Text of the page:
Wednesday, December 1

Massive LGBTQ + Pride March demands equality in Chile

Social and legal equality was the most repeated phrase of the march for the derechos LGBTQ+ that summoned thousands of people this Saturday in the center of Santiago, after having been suspended for two years due to the pandemic.

In a Chile immersed in profound changes, with a Constitutional Convention that writes a new Magna Carta and a few days after electing a new president, the Pride March incorporated for the first time a column of migrants LGBTQ + with a canvas that said “diversity without borders”, a claim accompanied by representatives of embassies and consulates from 12 countries in America and Europe.

“This march is very significant, as it marks the reactivation of our massive struggle in the streets, after two and a half years without being able to march due to the pandemic. We come to say, with all our might, that pride is more alive than ever” said Daniela Andrade, spokeswoman for Movilh, the largest LGBTQ + rights group in Chile.

The protesters gathered in Plaza Italia, renamed Dignidad since the October 2019 social uprising, and walked down the Alameda – Santiago’s main avenue – with balloons and the rainbow flag representing the gay movement.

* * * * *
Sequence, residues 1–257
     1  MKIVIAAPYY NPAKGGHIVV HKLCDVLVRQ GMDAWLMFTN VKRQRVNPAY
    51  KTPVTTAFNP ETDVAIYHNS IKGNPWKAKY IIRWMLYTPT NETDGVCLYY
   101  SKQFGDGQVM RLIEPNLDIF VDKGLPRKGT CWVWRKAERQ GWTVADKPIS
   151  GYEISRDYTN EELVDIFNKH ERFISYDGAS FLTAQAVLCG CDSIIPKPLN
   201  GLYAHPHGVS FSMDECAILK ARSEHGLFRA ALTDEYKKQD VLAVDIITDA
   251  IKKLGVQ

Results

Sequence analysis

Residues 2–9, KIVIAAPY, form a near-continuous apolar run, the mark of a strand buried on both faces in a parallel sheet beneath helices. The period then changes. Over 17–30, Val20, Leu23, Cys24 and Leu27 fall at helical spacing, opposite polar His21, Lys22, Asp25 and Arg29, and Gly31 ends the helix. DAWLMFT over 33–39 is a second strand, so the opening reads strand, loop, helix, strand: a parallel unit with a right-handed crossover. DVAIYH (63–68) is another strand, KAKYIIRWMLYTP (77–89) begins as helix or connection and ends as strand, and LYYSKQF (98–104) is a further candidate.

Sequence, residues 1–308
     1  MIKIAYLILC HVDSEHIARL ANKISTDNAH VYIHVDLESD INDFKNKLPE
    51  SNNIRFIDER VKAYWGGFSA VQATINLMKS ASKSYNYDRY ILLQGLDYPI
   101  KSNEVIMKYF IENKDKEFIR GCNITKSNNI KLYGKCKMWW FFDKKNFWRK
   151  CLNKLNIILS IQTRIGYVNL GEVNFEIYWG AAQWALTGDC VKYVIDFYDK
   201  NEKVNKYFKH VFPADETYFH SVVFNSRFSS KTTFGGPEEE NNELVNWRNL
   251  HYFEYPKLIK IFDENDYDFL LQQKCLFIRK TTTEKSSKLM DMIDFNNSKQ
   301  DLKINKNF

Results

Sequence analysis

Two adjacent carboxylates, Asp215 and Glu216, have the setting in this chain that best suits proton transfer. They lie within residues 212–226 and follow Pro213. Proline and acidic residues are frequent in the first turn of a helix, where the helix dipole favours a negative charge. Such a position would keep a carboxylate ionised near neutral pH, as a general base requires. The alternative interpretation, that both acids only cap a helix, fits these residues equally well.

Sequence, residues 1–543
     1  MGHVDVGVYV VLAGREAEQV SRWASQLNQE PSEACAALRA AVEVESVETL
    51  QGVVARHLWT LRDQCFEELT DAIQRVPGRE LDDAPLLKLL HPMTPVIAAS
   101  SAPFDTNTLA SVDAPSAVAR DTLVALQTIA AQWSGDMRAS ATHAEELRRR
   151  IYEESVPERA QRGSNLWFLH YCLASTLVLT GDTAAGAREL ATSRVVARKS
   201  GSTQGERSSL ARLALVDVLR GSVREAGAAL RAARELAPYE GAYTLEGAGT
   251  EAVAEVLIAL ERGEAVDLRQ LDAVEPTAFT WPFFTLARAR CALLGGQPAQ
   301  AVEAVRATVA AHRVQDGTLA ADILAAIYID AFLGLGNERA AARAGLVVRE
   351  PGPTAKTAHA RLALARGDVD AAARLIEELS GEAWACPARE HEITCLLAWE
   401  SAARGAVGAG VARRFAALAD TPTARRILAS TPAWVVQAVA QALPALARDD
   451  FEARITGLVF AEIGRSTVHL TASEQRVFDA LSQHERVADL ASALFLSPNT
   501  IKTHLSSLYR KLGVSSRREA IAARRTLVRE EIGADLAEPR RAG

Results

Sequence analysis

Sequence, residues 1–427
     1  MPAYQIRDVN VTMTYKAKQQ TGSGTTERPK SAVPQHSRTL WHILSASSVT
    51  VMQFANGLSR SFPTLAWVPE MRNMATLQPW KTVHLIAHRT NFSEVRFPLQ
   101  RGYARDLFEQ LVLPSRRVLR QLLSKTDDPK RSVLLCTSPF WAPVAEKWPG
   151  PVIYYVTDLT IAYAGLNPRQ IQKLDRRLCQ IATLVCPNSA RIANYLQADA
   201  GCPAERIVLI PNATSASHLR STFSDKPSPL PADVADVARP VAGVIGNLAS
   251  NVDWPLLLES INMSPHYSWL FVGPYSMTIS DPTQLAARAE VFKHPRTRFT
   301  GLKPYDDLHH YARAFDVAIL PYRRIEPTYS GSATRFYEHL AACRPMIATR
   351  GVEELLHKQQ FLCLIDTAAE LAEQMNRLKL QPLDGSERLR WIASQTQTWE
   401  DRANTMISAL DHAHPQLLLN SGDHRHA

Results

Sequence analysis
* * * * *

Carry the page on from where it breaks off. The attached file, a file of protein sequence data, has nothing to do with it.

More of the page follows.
The march, which took place with music and dances, was led by homoparental families who, with a canvas that said “Legal and social equality for all families,” demanded the prompt approval of a bill that is advancing in Congress to establish Equal Marriage.

Since 2015 it has been in force in Chile the Civil Union Agreement (AUC) that legalizes the union of same-sex couples with the same legal obligations as a heterosexual marriage, but does not allow them to have children.

“Thank you very much for inviting me, for being here. I must also thank you for existing, because in your difference you are building a broad democracy without exclusion,” said Mapuche academic Elisa Loncon, president of the Constituent Convention, who participated in the march dressed in a typical costume of the Mapuche woman.

The demonstration also demanded an end to violence and hate crimes, a reform of the Zamudio Law on derechos LGBTQ+ and the repeal of article 365 of the Penal Code, a text that establishes a minimum age of 14 years to consent to heterosexual relationships, but that sets it at 18 for homosexuals.

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